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Heatwave: A look back at the building that melted cars and fried eggs

Britain has been baking this week with scorching temperatures recorded all over the country and a new record high of 36.7oc measured at Heathrow Airport on Wednesday.

In fact temperatures have been so good it has been hotter than Rio De Janeiro in the UK this week, and it's not often we can say that!

The heatwave has brought back memories of another spell of good weather in 2013 where a skyscraper located at 20 Fenchurch Street in London reflected the sun's rays melting cars, setting fire to door mats and frying eggs.

The building know as the Walkie Talkie because of its distinctive curvy phone like shape, was renamed the Walkie Scorchie by workers in the area and the phrase was soon picked up by the national press.

The concave design and mirrored glass of the £200 million Rafael Viñoly designed building coupled with the location of the sun at a certain time of the day caused a reflection of powerful focused rays onto the street below.

The intense rays caused numerous problems including melting cars parked in the street. Several car and van owners complained of damage to their vehicles, but at first were not sure how it had happened.

Specialists in Construction Insurance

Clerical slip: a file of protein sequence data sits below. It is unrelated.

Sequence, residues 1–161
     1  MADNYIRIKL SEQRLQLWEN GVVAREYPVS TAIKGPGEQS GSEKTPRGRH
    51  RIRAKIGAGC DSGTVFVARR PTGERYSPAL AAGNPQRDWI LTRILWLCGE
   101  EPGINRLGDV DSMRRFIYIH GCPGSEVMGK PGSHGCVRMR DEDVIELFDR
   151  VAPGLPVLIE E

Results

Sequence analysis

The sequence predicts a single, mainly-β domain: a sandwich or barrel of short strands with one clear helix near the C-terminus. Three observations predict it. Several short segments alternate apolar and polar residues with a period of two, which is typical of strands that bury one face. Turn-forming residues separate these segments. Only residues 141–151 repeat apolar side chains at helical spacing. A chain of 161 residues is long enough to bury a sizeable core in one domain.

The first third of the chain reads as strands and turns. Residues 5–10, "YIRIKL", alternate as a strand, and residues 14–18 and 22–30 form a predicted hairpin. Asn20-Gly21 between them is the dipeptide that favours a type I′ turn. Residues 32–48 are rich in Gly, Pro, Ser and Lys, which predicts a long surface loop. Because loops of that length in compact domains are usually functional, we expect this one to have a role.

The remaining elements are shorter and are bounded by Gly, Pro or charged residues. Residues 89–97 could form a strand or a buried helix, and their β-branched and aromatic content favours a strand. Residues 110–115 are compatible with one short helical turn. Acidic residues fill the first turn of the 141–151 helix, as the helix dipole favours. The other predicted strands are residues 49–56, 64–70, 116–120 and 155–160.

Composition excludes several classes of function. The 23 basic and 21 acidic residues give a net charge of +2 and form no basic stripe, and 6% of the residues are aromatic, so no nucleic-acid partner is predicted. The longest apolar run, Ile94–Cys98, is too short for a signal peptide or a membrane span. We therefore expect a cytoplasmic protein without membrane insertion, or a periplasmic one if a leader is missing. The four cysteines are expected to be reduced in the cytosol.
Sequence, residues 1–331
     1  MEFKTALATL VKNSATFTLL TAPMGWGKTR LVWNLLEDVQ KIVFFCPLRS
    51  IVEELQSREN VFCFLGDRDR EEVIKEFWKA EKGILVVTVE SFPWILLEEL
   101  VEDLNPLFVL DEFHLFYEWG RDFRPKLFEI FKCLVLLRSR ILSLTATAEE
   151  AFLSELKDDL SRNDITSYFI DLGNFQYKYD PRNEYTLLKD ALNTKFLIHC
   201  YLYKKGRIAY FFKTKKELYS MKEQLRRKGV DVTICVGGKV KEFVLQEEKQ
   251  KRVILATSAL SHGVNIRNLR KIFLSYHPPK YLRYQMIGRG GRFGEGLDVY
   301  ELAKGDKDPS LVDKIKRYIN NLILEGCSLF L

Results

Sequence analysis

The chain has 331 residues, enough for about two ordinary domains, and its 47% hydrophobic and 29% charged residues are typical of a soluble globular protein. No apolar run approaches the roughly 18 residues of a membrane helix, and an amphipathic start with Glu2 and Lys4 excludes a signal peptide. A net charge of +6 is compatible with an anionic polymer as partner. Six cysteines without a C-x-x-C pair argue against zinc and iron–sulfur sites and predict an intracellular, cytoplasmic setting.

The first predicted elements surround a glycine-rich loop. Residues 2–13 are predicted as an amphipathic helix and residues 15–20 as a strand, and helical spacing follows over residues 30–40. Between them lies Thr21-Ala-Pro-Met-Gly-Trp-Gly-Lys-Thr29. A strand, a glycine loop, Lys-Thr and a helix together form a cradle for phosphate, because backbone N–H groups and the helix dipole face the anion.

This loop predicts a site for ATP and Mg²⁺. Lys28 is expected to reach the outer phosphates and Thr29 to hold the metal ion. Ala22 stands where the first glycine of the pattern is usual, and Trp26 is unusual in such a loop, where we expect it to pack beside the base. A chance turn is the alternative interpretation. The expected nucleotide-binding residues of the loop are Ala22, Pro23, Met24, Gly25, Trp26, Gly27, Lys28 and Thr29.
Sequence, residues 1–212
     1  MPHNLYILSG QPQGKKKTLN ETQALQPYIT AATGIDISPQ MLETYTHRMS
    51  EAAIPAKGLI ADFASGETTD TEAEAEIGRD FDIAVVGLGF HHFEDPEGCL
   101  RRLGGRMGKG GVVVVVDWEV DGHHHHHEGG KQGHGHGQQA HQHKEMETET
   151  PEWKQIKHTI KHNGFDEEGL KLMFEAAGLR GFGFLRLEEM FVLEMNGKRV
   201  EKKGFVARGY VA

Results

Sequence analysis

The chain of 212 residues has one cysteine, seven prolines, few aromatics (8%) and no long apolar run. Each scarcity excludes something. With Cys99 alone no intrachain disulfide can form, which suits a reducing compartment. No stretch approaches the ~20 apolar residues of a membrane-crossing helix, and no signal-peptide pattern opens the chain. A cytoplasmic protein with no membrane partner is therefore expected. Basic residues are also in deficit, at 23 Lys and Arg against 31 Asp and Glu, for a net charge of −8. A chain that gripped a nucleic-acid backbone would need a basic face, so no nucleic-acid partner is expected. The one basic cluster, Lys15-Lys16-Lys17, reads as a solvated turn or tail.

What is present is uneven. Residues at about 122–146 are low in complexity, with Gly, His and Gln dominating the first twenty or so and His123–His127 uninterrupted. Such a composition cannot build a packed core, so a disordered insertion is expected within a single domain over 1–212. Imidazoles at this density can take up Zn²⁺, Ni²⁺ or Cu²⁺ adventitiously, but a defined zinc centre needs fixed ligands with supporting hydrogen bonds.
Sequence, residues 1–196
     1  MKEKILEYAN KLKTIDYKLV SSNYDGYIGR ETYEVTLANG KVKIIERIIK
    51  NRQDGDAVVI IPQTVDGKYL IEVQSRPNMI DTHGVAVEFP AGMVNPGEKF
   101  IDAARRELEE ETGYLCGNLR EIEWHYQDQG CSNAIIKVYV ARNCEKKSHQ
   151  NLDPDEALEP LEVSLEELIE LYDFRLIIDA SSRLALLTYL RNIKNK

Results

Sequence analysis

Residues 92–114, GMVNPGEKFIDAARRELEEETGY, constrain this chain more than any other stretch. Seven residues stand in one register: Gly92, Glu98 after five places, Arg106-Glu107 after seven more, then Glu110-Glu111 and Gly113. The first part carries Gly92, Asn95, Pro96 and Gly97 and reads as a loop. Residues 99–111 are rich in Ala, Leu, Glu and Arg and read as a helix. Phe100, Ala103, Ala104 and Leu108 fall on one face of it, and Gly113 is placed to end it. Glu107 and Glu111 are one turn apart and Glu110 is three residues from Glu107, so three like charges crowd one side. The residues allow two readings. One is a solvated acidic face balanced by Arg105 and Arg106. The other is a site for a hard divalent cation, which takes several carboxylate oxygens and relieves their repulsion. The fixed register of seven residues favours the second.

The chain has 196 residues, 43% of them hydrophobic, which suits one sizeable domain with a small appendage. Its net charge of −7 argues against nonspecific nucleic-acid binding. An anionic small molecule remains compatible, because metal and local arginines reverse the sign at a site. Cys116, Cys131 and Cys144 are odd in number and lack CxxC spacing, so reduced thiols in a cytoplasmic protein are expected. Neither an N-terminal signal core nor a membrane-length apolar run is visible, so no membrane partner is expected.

One owner of a Jaguar returned to his car after an hour to find the door panels and wing mirror on one side of the vehicle had been melted. The car had buckled in the intense heat and there was a smell of burning plastic.

Another man who parked in the same street a day earlier reported even more severe damage to his van. The dashboard had melted inside the vehicle, plus every plastic element on the side of the van facing the building had been melted too.

Other strange effects were seen in the street and some shop owners reported damage. A barber shop located opposite the Walkie Talkie said that an intense ray of light reflected into the shop at a certain time of the day. This concentrated on the company doormat, burning a hole through it and causing it to catch alight.

Joint developers Land Securities and Canary Wharf investigated the issue and decided to suspend parking in three bays in the area where vehicles had been affected.

As the press gathered to report on the story, one journalist successfully attempted to fry an egg in the concentrated sun rays.

Anyone looking to make use of free cooking facilities this week however will be disappointed because the building was fitted with type of sunshade know as a brise soleil to provide a permanent solution to the problem. The brise soleil is an architectural feature which is usually positioned on the sun facing facade of a building to deflect sunlight and reduce heat gain.

Car owners were given up to £1,000 compensation by the developers for the damage inflicted by the 525ft building.

 

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